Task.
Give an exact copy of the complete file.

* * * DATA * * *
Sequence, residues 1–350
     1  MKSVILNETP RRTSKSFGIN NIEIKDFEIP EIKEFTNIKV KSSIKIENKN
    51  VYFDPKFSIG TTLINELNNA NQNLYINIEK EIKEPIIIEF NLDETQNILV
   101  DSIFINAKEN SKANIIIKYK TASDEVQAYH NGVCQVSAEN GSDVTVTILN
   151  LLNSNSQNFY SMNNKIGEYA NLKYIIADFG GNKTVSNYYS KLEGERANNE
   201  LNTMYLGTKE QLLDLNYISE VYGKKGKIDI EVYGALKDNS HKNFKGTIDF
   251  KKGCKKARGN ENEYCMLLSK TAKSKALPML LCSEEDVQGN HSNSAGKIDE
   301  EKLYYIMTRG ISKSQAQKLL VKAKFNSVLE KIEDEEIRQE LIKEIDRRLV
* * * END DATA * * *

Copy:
Sequence, residues 1–350
     1  MKSVILNETP RRTSKSFGIN NIEIKDFEIP EIKEFTNIKV KSSIKIENKN
    51  VYFDPKFSIG TTLINELNNA NQNLYINIEK EIKEPIIIEF NLDETQNILV
   101  DSIFINAKEN SKANIIIKYK TASDEVQAYH NGVCQVSAEN GSDVTVTILN
   151  LLNSNSQNFY SMNNKIGEYA NLKYIIADFG GNKTVSNYYS KLEGERANNE
   201  LNTMYLGTKE QLLDLNYISE VYGKKGKIDI EVYGALKDNS HKNFKGTIDF
   251  KKGCKKARGN ENEYCMLLSK TAKSKALPML LCSEEDVQGN HSNSAGKIDE
   301  EKLYYIMTRG ISKSQAQKLL VKAKFNSVLE KIEDEEIRQE LIKEIDRRLV